Search - Ludwig van Beethoven, Claudio Abbado, Berlin Philharmonic Orchestra :: Beethoven: Symphonies Nos. 3 "Eroica" & 4

Beethoven: Symphonies Nos. 3 "Eroica" & 4
Ludwig van Beethoven, Claudio Abbado, Berlin Philharmonic Orchestra
Beethoven: Symphonies Nos. 3 "Eroica" & 4
Genre: Classical
 
  •  Track Listings (8) - Disc #1


      
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CD Details

All Artists: Ludwig van Beethoven, Claudio Abbado, Berlin Philharmonic Orchestra
Title: Beethoven: Symphonies Nos. 3 "Eroica" & 4
Members Wishing: 0
Total Copies: 0
Label: Dg Imports
Release Date: 4/9/2002
Album Type: Original recording reissued, Import
Genre: Classical
Styles: Historical Periods, Classical (c.1770-1830), Symphonies
Number of Discs: 1
SwapaCD Credits: 1
UPC: 028947148821
 

CD Reviews

One of the highlights of Abbado's Berliner Philharmoniker Be
John Kwok | New York, NY USA | 02/04/2007
(5 out of 5 stars)

"Critics and fans alike have correctly praised Abbado's recent Berliner Philharmoniker cycle of the Beethoven symphonies as among the best available. Indeed, it is a radical departure from his earlier 1980s cycle with the Wiener Philharmoniker, which many thought was more pedestrian in both style and execution. Not only has Abbado considered current period instrument practice in this cycle, but more importantly, his is the first orchestra on a major recording label (Deutsche Grammophon) to use the Barenreiter Edition of Beethoven's symphonic scores, which were edited by the late Jonathan Del Mar, taking seriously Beethoven's metronome markings. Hence, people who haven't heard a performance of these symphonies will be surprised by the relatively swift tempi, and yet, neither Abbado nor the Berliner Philharmoniker seem extremely rushed in their playing; the music flows effortlessly, performed with ample brilliance by the strings, winds, and horns. Abbado's exciting, exhilirating account of the 3rd Symphony is truly a most memorable one, and, I believe, superior to Karajan's 1980s Deutsche Grammophon digital recording with the Berliner Philharmoniker (The latter is still available on CD and remains one of the best recordings of this symphony.). His interpretation of the 4th Symphony is equally just as fine too. Sound quality purists may quibble about the quality of this recording, which does sound full-bodied, but a slightly lower decibel level than what I've heard in other, previous recordings of both symphonies (If this does pose a problem, then I recommend acquiring Haitink's glistening recent account on the LSO Live label in Hybrid SACD format which I've reviewed elsewhere at Amazon.com.)."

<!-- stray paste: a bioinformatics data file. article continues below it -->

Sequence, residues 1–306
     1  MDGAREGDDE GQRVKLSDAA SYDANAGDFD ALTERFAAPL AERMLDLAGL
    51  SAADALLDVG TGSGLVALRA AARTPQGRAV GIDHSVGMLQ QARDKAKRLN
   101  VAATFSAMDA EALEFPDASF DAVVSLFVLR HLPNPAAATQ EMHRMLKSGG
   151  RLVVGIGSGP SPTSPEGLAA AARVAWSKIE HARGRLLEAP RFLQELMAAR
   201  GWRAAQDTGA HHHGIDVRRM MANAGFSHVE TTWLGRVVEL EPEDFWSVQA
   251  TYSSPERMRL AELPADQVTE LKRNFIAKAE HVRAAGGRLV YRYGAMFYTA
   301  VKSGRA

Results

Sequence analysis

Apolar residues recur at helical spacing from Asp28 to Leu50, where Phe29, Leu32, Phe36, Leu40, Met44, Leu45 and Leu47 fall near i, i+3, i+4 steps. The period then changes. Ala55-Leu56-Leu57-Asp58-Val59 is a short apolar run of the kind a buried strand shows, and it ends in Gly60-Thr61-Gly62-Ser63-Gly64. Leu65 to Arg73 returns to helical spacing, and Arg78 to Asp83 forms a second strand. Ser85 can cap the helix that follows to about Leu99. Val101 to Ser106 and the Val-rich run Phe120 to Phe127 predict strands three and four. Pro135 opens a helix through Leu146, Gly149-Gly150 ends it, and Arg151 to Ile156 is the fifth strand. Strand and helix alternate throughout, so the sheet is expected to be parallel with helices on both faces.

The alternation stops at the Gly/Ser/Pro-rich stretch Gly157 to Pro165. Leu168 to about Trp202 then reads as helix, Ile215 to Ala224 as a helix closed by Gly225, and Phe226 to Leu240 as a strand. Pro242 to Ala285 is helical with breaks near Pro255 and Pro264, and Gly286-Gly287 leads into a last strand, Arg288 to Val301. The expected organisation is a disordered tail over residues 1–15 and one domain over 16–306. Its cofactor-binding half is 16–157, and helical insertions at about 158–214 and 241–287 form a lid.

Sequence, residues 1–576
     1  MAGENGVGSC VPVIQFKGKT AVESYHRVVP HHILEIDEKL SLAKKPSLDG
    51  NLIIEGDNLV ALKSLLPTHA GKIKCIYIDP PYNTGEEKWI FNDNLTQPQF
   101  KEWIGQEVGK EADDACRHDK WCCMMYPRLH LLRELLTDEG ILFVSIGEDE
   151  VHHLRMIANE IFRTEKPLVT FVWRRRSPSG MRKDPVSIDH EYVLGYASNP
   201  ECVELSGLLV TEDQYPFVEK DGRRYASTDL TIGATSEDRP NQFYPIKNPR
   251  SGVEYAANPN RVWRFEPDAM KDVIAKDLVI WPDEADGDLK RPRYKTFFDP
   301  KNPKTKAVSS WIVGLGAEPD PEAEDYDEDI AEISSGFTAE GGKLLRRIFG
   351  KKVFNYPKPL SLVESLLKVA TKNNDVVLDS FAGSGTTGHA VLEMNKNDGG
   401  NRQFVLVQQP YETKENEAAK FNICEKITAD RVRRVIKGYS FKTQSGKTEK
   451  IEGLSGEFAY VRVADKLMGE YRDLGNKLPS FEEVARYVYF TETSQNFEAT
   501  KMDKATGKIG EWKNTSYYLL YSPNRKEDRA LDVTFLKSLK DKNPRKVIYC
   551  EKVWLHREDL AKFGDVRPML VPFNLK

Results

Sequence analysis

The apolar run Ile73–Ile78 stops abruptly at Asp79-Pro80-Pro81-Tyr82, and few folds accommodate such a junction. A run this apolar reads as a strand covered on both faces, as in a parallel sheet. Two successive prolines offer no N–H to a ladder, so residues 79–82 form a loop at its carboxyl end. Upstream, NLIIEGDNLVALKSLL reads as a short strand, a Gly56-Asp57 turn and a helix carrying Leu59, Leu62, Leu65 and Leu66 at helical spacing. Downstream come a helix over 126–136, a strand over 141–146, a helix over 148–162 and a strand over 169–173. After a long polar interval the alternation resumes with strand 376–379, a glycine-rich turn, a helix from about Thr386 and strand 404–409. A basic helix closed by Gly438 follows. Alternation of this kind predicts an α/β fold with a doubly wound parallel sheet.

An excellent "historically informed" Eroica
Santa Fe Listener | Santa Fe, NM USA | 10/09/2005
(5 out of 5 stars)

"Abbado became a convert to the notion, first sponsored on disc by Roger Norrington and John Eliot Gardiner, that Beethoven's extreme metronome markings, not taken seriously for almsot 200 years, were not mistaken. However, there is one huge difference between Abbado and his predecessors: he is a great conductor leading a world-class orchestra. Even though he takes much faster speeds in the slow movement and finale of the Eroica, his musicians aren't scrambling. They seem elaxed at any speed, and their ensemble is flawless. The Fourth Sym. is performed closer to the tempi we are used to, a touch accelerated in the first movement and finale.

So, if you want this approach, compared to any previous historical set, including the recent best-selling Zinman cycle from Zurich, Abbado's is a top choice (some people, like the other reviewer here, prefer Harnoncourt's more biting, sometimes eccentric view.) But hearing music that used to be considered profound flow by like a fast-running brook still sounds strange to me. It may be "historical" to go at these speeds with a smaller orchestra and less vibrato in the strings, but I miss the passion, heroism, and grandeur of Beethoven--fortunately, it can still be found on hundreds of recordings.

A note on the sound: complaints about the strings being distant, scrawny, or muffled seem wrong to me. This isn't a close-up recording, but it is eminently full and clear given the smaller orchestra. However, the recording level is about 7 db lower than usual for classical CDs."